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Tigers: Tracking a Legend
Louis J. Sebille
Maj. Louis J. Sebille was born on November 21, 1915 in Harbor Beach, Michigan. He attended Walled Lake Schools and Wayne State University in Detroit. During the late 1930s, he worked as the master of ceremonies on the Chicago nightclub circuit.
Sebille enlisted as an aviation cadet on December 21, 1941. He began flight training in January, 1942 and earned his wings and commission in July, 1942. 2nd Lieutenant Sebille was assigned to the 450th Bombardment Squadron and flew B-26 Marauders. The Group moved to England in early 1943 and Sebille was promoted to 1st lieutenant. He flew the first low level attack ever attempted by B-26s against targets in Europe. He piloted one of 12 aircraft used on that mission. Sebille was promoted to captain in August 1943, as he flew many missions as Squadron, Group and Wing leader.
For his combat action in World War II, Sebille was awarded two Distinguished Flying Crosses and 12 Air Medals. He flew 68 combat missions and had 245 hours of combat time.
Airline companies lured Sebille away with the promise of a flying future, but he soon returned to service in July 1946 when he was offered a regular commission. He held numerous flying assignments, including P-51 Mustang and F-80 Shooting Star instructor pilot. In 1948, he was named commander of the 67th Fighter-Bomber Squadron at Clark Air Base in the Philippines. He had the formidable task of training new and recalled pilots while converting the Squadron from P-51s to F-80s.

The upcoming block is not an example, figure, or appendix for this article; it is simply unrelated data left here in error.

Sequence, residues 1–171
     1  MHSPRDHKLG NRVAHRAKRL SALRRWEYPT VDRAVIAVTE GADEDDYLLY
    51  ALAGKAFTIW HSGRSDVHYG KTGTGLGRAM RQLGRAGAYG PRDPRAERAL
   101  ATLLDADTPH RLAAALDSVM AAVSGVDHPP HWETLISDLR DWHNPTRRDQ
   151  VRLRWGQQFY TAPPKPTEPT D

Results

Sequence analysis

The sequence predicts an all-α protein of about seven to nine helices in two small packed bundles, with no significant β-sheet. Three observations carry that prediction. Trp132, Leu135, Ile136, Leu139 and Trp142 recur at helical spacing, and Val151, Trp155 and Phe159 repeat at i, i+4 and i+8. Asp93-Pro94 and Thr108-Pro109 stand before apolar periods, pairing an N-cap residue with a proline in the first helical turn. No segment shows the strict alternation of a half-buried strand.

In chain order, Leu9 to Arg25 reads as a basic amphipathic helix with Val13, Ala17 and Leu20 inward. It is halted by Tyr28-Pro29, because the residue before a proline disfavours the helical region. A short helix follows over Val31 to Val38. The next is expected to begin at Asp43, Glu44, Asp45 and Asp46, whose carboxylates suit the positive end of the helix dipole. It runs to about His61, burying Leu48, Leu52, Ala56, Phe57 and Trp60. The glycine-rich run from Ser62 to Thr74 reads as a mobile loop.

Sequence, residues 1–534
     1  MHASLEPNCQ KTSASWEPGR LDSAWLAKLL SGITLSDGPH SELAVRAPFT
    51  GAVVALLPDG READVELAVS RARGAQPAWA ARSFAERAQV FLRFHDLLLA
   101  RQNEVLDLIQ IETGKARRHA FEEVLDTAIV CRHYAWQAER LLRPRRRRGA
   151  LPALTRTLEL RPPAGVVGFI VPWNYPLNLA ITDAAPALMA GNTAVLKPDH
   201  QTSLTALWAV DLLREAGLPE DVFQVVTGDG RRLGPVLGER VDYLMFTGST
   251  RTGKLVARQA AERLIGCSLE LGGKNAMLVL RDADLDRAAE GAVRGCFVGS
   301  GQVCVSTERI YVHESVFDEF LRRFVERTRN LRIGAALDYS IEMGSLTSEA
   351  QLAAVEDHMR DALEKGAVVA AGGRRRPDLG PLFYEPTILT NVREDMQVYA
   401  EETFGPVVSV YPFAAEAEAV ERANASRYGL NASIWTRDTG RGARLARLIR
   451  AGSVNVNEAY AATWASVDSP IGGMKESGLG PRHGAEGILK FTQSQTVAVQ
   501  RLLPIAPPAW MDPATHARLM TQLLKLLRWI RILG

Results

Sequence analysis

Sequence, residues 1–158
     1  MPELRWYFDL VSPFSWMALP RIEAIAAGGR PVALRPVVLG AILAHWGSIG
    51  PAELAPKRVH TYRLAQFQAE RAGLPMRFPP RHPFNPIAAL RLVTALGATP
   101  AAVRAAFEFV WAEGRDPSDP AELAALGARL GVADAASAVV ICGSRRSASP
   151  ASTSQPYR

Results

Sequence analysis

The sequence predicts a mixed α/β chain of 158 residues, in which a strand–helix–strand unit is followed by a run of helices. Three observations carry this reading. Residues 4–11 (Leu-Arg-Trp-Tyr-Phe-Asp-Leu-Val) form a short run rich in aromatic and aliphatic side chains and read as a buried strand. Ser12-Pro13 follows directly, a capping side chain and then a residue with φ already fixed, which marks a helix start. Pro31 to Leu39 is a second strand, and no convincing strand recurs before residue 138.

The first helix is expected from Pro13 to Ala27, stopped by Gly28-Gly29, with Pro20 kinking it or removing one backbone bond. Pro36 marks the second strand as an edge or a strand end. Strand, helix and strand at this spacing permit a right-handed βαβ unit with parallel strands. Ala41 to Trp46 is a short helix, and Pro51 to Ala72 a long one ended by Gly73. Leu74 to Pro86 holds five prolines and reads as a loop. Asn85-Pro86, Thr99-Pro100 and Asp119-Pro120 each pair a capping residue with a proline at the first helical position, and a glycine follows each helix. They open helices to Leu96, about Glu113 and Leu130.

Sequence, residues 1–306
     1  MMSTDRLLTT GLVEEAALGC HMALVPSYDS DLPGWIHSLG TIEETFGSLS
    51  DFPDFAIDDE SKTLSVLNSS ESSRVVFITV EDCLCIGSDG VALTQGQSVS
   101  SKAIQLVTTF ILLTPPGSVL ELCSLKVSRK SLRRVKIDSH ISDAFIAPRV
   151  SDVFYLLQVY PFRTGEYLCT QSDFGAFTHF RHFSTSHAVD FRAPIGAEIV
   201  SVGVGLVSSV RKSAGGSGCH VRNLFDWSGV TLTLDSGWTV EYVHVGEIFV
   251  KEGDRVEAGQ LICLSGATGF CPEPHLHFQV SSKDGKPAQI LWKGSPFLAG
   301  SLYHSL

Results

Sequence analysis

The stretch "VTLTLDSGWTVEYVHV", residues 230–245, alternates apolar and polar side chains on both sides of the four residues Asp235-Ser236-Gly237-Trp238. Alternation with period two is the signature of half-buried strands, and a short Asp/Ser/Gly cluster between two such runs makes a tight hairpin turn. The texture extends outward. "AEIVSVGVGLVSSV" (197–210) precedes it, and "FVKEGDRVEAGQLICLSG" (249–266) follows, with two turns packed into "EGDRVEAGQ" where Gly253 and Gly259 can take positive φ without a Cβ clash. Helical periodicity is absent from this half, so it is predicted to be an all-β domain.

At the outbreak of war in Korea, the Squadron was ordered to convert back to P-51s and move to Ashiya on the island of Kyushu, Japan. In less than a month, the Squadron was combat-ready and in place, joining in the desperate defense of South Korea.
On August 5, 1950, Sebille led a flight of P-51s, armed with 500-pound bombs and rockets, on a strike against enemy troops advancing on Pusan. On his first pass, he was able to release only one of his two bombs. He and his wingmen continued strafing and launching rockets against the enemy. When his P-51 was damaged by ground fire, he elected to dive into the enemy position with his .50 caliber guns firing the whole way.
Sebille was the first pilot in the newly independent Air Force to be awarded the Medal of Honor, which was presented to his widow and young son by the Air Force chief of staff. He is honored by the naming of Sebille Drive at Lackland Air Force Base, and a memorial corner at Harmon Hall at the Air Force Academy.
Louis J. Sebille was enshrined into the Michigan Aviation Hall of Fame on April 17, 2010.